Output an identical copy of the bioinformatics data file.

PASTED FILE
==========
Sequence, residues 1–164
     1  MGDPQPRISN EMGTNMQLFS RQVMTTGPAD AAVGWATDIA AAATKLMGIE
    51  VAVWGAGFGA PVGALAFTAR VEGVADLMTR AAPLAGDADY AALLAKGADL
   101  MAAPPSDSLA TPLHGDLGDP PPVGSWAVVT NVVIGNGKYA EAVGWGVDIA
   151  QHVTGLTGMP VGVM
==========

Sequence, residues 1–164
     1  MGDPQPRISN EMGTNMQLFS RQVMTTGPAD AAVGWATDIA AAATKLMGIE
    51  VAVWGAGFGA PVGALAFTAR VEGVADLMTR AAPLAGDADY AALLAKGADL
   101  MAAPPSDSLA TPLHGDLGDP PPVGSWAVVT NVVIGNGKYA EAVGWGVDIA
   151  QHVTGLTGMP VGVM